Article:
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Government Final Voc

QuestionAnswer
Define Government. The people and institutions with authority to establish and enforce laws and public policy. (6)
What are public policies? Any concerns of public action directed towards achieving a national goal. (6)
Divine Right Theory- belief in God that royalty’s right to rule comes from God (8)
Social Contract Theory- An agreement among the members of a society to create a state and obey its government. (8)
Confederation- A form of government in which 2 or more states come together to achieve a common goal but retain their individual sovereignty in other matters 12.
Federalism - political authority is divided between a national (or federal govt) and its political subdivision (states) * some power is shared/some is denied
Delegated Powers (Where are they located & Examples). The power specifically granted to the national government in the Constitution *(Ex: enumerated, expressed) Found in the Constitution Leg. Congress (write laws, coin $, grant patents, declare war) Exe. Pres (appoint and receive ambassadors) Judicial
Reserved Powers (Where are they located & Examples). Powers set aside for the states’ government by Constitution (the national government cannot interfere with them).
Concurrent Powers (& examples). Powers possessed by both the national and state government, (taxing, establishing courts, regulating elections).
What is Article I Section 8 of the Constitution? What’s its purpose? Leg.Powers of Govt: Article I, Section 8, specifies the powers of Congress in great detail. These powers are limited to those listed and those that are "necessary and proper" to carry them out. All other lawmaking powers are left to the states.
Autocracy- a single individual holds both political power and authority
Monarchy- a form of autocracy in which power in inherited from family members.
Constitutional Monarchy- a form of government in which the monarch is mainly a ceremonial head of state and shares authority with an elected legislature.
Dictatorship- a form of autocracy in which a ruler acquires and maintains leadership through fear & force.
Oligarchy- a form of government in which a small group of people have the power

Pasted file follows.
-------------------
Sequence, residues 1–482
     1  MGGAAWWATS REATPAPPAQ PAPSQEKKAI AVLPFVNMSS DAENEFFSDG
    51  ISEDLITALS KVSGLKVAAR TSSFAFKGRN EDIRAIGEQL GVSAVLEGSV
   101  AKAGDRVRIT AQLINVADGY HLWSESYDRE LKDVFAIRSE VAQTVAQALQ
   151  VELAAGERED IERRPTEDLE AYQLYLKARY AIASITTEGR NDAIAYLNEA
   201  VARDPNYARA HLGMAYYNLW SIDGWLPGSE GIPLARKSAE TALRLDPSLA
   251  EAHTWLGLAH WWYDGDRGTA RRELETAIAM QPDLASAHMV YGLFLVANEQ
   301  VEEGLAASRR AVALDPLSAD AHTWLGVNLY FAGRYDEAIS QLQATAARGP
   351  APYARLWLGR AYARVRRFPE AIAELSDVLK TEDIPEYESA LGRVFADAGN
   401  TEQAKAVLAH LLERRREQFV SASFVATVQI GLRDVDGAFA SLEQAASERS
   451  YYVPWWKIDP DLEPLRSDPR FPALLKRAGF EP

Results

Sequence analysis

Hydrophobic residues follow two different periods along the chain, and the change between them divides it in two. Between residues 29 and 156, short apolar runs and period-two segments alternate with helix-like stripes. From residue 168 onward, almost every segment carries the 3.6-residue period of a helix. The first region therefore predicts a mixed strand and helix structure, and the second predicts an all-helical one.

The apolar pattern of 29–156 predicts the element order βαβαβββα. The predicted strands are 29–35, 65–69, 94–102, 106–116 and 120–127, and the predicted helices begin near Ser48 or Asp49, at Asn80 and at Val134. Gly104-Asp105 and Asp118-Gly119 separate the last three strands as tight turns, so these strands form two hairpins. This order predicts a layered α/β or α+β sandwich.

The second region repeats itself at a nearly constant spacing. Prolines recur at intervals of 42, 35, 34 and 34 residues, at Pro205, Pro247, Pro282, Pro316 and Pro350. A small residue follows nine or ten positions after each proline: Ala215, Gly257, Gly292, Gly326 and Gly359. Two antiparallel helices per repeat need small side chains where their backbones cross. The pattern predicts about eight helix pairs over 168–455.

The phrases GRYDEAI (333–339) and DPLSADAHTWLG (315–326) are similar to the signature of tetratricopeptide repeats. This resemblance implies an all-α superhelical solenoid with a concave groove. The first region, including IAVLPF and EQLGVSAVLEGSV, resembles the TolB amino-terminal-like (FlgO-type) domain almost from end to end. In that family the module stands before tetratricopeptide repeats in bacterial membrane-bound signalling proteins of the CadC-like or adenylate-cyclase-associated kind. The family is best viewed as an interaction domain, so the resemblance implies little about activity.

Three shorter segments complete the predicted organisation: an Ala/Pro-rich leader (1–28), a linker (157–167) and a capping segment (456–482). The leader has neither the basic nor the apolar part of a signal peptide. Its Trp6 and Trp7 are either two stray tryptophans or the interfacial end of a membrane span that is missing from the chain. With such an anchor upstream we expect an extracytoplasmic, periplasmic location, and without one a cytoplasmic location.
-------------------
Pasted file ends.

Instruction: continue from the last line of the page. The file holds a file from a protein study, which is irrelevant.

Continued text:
Democracy- government ruled by the people
Direct Democracy- a form of government in which all citizens have a chance to participate on a first-hand basis.
Representative Democracy- a form of government in which people elect a group of citizens to represent them in making laws and establishing public policies.
Totalitarian Rule- is a political system in which the state recognizes no limits to its authority and strives to regulate every aspect of public and private life wherever feasible, without any respect for human rights.
Republic- government in which people exercise their power through elected officials
Popular Sovereignty- it the people’s rule
What amendments expanded popular sovereignty? 15th (African Americans get the right to vote) 17th (Women’s Suffrage “ ” ) 24th (Abolition of Poll Taxes) 26th (Voting age to 18)
Limited government- The idea that a government may only use the powers given to it by the people.
Separation of Powers- The division of authority among the three branches- Executive, Legislative, and Judicial- to ensure a balance of power.
Montesquieu Frenchman that proposed the separation of powers: The Three Branches of Govt (Executive, Legislative, Judicial). Wrote: The Spirit of the Laws (63).
Civil liberties- personal rights of citizens such as freedom of speech, thought and action, as guaranteed by the First Amendment (19, 142).
Civil rights- the right of every citizen to be treated equally under the law and to have equal opportunity
With regard to citizenship, what is the intent of the 14th amendment? 1st def. of American citizenship. Give newly freed blacks the rights of American citizens. Grants citizenship with no exceptions. “All persons born or naturalized in the US....are citizens of the US and of the State wherein they reside.”
Dual citizenship- Each country has its own citizenship laws on its own policy.
Jus soli- (“right of the land”) born on US soil
Jus sanguinis- (“right through blood”)- not born with in the US but born to parents who are US citizens.